3 Attempt to recover by removing unnecessary markup and formatting math with MathJax

In a PChemphysical chemistry class, the profprofessor derived Sentropy $$S$$ as a function of concentration starting from S=kln(W). Somehow he made a mistake and ended up with the wrong sign. This remains unsolved until the end of the class. So I would like to figure out the correct solution before the next class. The final answer is S=-kln(conc.) + S^o, where S^o is the entropy of the substance in standard state. I know that concentration is inversely proportional to the multiplicity should be used somewhere, but I cannot complete the whole derivation.So far I have got that S=-kln(conc$$S=k\ln(W)$$.)+kln(N), where N is the number of particles. But why is the kln(N) Somehow he made a mistake and ended up with the wrong sign. This remains unsolved until the end of the class.

So I would like to figure out the correct solution before the next class. The final answer is

$$S=-k\ln(\text{conc.}) + S^\circ,$$

where $$S^\circ$$ is the entropy of the substance in standard state. I know that concentration is inversely proportional to the multiplicity should be used somewhere, but I cannot complete the whole derivation.

So far I have got that

$$S = -k\ln(\text{conc.}) + k\ln(N),$$

where $$N$$ is the number of particles. But why is the $$k\ln(N)$$ part S^o$$S^\circ$$?

In a PChem class, the prof derived S as a function of concentration starting from S=kln(W). Somehow he made a mistake and ended up with the wrong sign. This remains unsolved until the end of the class. So I would like to figure out the correct solution before the next class. The final answer is S=-kln(conc.) + S^o, where S^o is the entropy of the substance in standard state. I know that concentration is inversely proportional to the multiplicity should be used somewhere, but I cannot complete the whole derivation.So far I have got that S=-kln(conc.)+kln(N), where N is the number of particles. But why is the kln(N) part S^o?

In a physical chemistry class, the professor derived entropy $$S$$ as a function of concentration starting from $$S=k\ln(W)$$. Somehow he made a mistake and ended up with the wrong sign. This remains unsolved until the end of the class.

So I would like to figure out the correct solution before the next class. The final answer is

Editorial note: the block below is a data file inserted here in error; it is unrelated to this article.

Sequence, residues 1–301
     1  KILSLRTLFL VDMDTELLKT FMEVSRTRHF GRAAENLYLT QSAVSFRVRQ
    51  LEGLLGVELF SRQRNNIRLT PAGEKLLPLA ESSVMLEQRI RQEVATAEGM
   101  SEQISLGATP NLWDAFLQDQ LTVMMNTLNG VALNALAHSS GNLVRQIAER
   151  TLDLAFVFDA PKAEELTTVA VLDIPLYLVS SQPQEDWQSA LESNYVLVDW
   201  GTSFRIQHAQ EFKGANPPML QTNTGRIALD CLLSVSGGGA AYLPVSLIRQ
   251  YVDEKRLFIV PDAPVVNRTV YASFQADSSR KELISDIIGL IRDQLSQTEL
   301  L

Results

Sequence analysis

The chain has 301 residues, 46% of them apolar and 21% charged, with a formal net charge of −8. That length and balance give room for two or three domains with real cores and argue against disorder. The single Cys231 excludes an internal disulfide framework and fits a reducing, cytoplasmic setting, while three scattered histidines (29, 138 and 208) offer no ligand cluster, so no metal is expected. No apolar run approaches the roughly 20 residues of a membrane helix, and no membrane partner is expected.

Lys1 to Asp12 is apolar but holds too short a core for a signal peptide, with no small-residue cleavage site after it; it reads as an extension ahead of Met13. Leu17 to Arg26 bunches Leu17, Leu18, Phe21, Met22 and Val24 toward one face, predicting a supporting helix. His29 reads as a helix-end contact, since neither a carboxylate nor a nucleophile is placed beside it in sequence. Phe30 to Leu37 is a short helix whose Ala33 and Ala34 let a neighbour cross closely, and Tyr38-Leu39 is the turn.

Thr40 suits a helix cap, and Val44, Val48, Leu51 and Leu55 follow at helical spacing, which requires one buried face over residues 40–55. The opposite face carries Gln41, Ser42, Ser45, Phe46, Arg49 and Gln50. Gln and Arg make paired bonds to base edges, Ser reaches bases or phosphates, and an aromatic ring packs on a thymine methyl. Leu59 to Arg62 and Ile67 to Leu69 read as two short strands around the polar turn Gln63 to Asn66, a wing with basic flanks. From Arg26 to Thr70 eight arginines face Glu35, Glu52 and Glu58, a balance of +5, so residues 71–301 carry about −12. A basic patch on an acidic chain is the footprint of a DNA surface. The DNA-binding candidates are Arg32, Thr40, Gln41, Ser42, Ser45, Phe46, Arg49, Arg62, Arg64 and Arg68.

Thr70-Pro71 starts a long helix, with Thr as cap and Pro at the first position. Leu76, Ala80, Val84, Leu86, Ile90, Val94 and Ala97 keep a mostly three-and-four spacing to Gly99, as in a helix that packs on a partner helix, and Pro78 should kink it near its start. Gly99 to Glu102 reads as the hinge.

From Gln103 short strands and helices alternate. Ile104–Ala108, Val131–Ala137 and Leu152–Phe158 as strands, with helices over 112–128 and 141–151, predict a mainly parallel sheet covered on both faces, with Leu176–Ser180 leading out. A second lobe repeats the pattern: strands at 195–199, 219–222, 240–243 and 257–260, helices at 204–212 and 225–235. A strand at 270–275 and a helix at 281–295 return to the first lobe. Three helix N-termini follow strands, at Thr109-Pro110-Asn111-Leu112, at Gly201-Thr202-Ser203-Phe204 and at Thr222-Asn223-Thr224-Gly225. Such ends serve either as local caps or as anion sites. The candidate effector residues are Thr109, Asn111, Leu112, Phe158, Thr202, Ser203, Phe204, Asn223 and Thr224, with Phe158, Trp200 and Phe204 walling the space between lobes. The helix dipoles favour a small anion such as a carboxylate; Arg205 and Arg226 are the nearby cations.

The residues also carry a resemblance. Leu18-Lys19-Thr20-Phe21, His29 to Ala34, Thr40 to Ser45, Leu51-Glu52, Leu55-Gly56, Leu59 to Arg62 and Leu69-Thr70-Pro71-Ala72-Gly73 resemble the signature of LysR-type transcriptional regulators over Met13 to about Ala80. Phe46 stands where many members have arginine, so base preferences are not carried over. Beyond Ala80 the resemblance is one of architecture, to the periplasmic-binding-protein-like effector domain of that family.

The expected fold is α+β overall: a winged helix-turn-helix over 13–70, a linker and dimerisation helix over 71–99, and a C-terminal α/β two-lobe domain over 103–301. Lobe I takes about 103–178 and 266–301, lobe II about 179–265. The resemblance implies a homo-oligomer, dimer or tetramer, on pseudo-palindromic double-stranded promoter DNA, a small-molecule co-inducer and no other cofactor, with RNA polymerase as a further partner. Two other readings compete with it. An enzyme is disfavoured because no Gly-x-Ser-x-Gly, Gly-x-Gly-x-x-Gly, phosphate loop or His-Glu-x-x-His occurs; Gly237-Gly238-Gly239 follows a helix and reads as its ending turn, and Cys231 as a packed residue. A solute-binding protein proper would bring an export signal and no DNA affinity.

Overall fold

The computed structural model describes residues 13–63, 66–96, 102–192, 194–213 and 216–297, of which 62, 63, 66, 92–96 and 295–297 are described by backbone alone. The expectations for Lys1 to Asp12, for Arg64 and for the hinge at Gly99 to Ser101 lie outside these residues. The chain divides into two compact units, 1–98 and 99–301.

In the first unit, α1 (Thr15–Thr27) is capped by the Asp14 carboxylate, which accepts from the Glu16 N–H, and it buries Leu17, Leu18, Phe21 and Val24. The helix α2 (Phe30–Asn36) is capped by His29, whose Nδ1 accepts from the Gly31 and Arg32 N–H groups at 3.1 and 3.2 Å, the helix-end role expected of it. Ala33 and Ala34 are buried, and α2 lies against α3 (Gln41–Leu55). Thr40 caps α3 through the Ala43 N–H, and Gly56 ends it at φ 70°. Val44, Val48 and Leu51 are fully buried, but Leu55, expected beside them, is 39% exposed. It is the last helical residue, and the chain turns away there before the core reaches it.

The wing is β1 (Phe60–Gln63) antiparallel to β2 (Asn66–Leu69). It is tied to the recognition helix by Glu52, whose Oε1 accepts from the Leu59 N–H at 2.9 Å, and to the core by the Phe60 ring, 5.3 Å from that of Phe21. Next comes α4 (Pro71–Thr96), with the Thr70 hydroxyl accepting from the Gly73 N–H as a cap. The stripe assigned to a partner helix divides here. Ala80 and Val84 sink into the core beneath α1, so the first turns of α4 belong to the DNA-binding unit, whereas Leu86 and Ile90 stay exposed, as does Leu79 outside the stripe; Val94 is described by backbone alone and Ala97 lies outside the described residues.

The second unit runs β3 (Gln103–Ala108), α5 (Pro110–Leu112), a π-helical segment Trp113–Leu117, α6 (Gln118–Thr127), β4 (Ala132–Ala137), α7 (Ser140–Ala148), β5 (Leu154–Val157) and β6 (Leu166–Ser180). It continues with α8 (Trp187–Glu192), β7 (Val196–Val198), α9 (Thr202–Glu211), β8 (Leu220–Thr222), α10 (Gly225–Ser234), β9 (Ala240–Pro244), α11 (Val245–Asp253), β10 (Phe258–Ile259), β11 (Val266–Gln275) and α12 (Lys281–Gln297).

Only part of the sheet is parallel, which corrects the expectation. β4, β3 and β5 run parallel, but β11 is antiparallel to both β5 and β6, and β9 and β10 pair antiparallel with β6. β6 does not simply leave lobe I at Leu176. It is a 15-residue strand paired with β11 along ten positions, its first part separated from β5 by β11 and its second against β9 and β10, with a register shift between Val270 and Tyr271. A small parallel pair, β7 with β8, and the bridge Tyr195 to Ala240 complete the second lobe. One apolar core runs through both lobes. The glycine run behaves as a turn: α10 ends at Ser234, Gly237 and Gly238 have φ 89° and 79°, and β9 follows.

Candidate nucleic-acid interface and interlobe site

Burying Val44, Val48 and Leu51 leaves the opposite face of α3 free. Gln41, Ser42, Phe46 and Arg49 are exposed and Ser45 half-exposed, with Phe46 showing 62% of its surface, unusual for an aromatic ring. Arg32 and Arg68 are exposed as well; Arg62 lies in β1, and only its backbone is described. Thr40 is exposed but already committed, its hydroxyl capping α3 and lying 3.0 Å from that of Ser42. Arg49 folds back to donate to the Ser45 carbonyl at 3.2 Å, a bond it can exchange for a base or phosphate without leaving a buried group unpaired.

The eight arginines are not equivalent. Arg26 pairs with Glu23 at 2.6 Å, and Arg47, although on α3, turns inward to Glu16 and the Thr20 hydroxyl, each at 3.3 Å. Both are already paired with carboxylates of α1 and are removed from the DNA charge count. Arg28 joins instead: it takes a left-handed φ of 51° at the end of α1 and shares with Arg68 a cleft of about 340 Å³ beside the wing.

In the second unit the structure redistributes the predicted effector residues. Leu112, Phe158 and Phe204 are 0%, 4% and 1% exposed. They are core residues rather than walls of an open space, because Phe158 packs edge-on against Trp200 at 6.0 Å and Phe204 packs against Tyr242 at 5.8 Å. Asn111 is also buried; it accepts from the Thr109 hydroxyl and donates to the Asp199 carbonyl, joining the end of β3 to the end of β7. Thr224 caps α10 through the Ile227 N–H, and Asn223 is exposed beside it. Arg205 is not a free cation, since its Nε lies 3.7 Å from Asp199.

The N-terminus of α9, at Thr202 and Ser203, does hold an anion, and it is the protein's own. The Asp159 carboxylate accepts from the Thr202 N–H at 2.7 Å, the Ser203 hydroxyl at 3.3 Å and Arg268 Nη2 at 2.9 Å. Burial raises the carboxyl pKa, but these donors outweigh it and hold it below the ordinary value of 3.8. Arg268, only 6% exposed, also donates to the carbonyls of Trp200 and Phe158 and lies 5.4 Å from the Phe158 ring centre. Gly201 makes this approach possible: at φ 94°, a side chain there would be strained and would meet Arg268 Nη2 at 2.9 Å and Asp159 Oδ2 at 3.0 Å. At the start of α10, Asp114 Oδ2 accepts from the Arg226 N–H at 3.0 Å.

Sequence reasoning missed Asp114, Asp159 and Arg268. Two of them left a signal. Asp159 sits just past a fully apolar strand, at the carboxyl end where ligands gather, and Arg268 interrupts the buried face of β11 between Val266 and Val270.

$$S=-k\ln(\text{conc.}) + S^\circ,$$

where $$S^\circ$$ is the entropy of the substance in standard state. I know that concentration is inversely proportional to the multiplicity should be used somewhere, but I cannot complete the whole derivation.

So far I have got that

$$S = -k\ln(\text{conc.}) + k\ln(N),$$

where $$N$$ is the number of particles. But why is the $$k\ln(N)$$ part $$S^\circ$$?

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In a PChem class, the prof derived S as a function of concentration starting from S=k*ln(W). Somehow he made a mistake and ended up with the wrong sign. This remains unsolved until the end of the class. So I would like to figure out the correct solution before the next class. The final answer is S=-klnS=kln(W). Somehow he made a mistake and ended up with the wrong sign. This remains unsolved until the end of the class. So I would like to figure out the correct solution before the next class. The final answer is S=-kln(conc.) + S^o, where S^o is the entropy of the substance in standard state. I know that concentration is inversely proportional to the multiplicity should be used somewhere, but I cannot complete the whole derivation.So far I have got that S=-kln(conc.) + S^o, where+kln(N), where N is the number of particles. But why is the kln(N) part S^o is the entropy of the substance in standard state. I know that concentration is inversely proportional to the multiplicity should be used somewhere, but I cannot complete the whole derivation.?

In a PChem class, the prof derived S as a function of concentration starting from S=k*ln(W). Somehow he made a mistake and ended up with the wrong sign. This remains unsolved until the end of the class. So I would like to figure out the correct solution before the next class. The final answer is S=-kln(conc.) + S^o, where S^o is the entropy of the substance in standard state. I know that concentration is inversely proportional to the multiplicity should be used somewhere, but I cannot complete the whole derivation.

In a PChem class, the prof derived S as a function of concentration starting from S=kln(W). Somehow he made a mistake and ended up with the wrong sign. This remains unsolved until the end of the class. So I would like to figure out the correct solution before the next class. The final answer is S=-kln(conc.) + S^o, where S^o is the entropy of the substance in standard state. I know that concentration is inversely proportional to the multiplicity should be used somewhere, but I cannot complete the whole derivation.So far I have got that S=-kln(conc.)+kln(N), where N is the number of particles. But why is the kln(N) part S^o?

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# Deriving the entropy as a function of concentration

In a PChem class, the prof derived S as a function of concentration starting from S=k*ln(W). Somehow he made a mistake and ended up with the wrong sign. This remains unsolved until the end of the class. So I would like to figure out the correct solution before the next class. The final answer is S=-kln(conc.) + S^o, where S^o is the entropy of the substance in standard state. I know that concentration is inversely proportional to the multiplicity should be used somewhere, but I cannot complete the whole derivation.